A year ago, aside from the vague notion it was some kind of cover letter you included with a novel submission, I had no idea what a query letter was. For the uninitiated, a query letter must include a really short synopsis of your novel's main plot arc with regards to its main protagonist. It's supposed to address the following questions.
1. Who is your main character or protagonist?
2. What does he or she want?
3. What stands in his or her way and must he or she do to surmount these obstacles.
4. What happens if he or she fails?
Easy peasy, right? Well, um, no. At least not always. First of all, there's the issue of deciding who your actual plot-driving protagonist is. Sometimes that's not hard. But what if there are many point of view characters, and they all have roughly equal point of view time? The answer is to find the character who actually drives the plot. If you've really written something with multiple story threads (akin to George RR Martin's Game of Thrones), most people suggest picking a single character, the one with the most interesting and compelling sub plot, and focus on him or her.
The second question can be tough as well, because characters usually have many wants, often competing. And those wants can change as the story progresses. With some stories, elucidating which of a protagonist's competing and ever-evolving wants is the overarching one can be harder than it seems.
The third question can be hard too. Often there are multiple obstacles and multiple things the protagonist must do to overcome them. You don't want to simply toss a laundry list out there. Again, it comes to boiling things down to the most important obstacle and the most important thing(s) the hero must do. A common mistake is for the query writer to assume it's obvious. "Well of course he's got to find the sword of awesomeness so he can kill the evil wizard and fulfill the prophecy." It's easy to get so close to your work and the common tropes of your that you forget that the agent reading your query might not "know" that in your world, evil wizards are not killable by mundane things like slips in the tub or poisoned wine.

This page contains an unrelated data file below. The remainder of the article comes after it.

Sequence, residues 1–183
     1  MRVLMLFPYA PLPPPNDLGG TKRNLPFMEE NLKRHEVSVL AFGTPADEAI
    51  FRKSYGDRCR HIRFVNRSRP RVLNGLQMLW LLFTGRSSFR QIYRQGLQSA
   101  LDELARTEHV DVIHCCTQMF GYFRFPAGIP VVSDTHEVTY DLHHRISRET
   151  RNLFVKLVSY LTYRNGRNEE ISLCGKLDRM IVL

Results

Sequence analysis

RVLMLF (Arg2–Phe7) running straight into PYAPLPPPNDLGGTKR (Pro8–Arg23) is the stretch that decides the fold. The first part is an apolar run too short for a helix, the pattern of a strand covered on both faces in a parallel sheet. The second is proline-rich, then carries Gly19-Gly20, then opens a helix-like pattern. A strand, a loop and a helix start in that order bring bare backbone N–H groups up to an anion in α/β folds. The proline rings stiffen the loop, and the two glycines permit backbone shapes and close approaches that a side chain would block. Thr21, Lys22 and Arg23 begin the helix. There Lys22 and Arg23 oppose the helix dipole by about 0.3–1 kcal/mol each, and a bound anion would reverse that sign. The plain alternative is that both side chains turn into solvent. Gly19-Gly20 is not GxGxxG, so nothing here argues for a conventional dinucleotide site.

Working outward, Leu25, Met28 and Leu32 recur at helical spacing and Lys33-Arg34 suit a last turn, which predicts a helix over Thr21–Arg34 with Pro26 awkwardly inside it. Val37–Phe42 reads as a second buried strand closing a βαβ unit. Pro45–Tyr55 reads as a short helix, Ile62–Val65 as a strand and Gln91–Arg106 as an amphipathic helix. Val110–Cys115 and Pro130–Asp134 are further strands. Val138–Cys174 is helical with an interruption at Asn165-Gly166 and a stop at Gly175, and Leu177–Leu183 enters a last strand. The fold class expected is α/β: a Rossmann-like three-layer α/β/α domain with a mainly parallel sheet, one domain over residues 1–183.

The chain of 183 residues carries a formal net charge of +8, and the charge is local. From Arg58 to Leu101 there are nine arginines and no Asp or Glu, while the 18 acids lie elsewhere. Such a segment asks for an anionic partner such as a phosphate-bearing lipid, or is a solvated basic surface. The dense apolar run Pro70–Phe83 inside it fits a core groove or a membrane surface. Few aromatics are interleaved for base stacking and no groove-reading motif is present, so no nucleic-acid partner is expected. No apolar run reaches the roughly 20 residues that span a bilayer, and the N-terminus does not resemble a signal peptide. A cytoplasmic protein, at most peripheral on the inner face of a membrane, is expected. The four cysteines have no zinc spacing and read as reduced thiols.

Finally, what happens if she or he fails? This also may seem implicit. The evil wizard won't die and life will continue to suck for everyone. But wait! Life has sucked for everyone for a long time already. Why is it so critical that this protagonist succeed at this time?
The good thing about writing a query (or a longer plot synopsis for that matter) is it can help you see some of the weaknesses in your story--those things you're too darned close to to notice most of the time. It can also help you clarify for yourself what the central plot of your story is. Many people suggest trying to write a query well before your novel finished for this reason. It may alert you to a problem.
Once the major points are in place, the thing probably isn't done. First of all, all the points must be connected in a logical manner. You don't want to get bogged down in details but you don't want to be vague either. Not easy.
Then you have to have some voice in the thing. Getting my character's and novel's voice into my query has been an Achilles heel for me. When writing non fiction, I tend to slip into a sort of academic writing mode where I want to cram as much information into each sentence as possible. This results in a bunch of grammatically correct sentences that fail to capture any sense of how my novel's actually written.